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Unveiling the remaining Bush administration secrets

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  1. Freedom of Information
An essay by Washington Monthly editor Charles Homans examines the remaining secrets of the Bush administration – the truth beneath…

An essay by Washington Monthly editor Charles Homans examines the remaining secrets of the Bush administration – the truth beneath the decisions to go to war in Iraq, to torture captives and to wiretap phone conversations in the name of catching terrorists.

According to Homans, the incoming Obama administration and the new Congress will have to wrestle with the political questions lingering from the secrecy of the past while still addressing the economic crisis and ongoing efforts in Iraq and Afghanistan.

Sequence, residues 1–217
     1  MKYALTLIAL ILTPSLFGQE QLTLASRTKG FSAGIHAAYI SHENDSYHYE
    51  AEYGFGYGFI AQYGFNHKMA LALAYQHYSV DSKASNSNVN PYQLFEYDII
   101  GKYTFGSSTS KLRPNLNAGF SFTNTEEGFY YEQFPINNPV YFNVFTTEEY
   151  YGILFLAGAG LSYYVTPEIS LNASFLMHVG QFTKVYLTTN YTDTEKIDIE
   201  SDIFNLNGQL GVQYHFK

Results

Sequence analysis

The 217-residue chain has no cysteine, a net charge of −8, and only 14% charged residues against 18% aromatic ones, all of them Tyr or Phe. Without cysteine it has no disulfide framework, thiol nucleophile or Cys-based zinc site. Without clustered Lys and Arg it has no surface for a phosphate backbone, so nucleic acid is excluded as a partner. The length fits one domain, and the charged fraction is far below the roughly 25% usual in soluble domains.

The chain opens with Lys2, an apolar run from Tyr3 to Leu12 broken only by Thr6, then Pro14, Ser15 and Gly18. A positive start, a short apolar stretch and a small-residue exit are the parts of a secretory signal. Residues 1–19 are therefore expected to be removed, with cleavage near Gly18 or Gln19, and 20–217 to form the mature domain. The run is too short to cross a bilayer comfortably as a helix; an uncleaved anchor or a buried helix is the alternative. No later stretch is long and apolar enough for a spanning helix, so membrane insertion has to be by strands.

Homans concludes that congressional inquiries into the Bush administration’s actions after the Sept. 11, 2001, terrorist attacks so far have produced a voluminous record that needs filling in. He recommends a broad inquiry into what happened after the attacks – led by a 9/12 Commission, as he calls it.

“What’s missing now are the key details — who authorized what, and how and why they did it. These would provide a sense of how all the moving parts fit together, the necessary big picture,” Homans writes.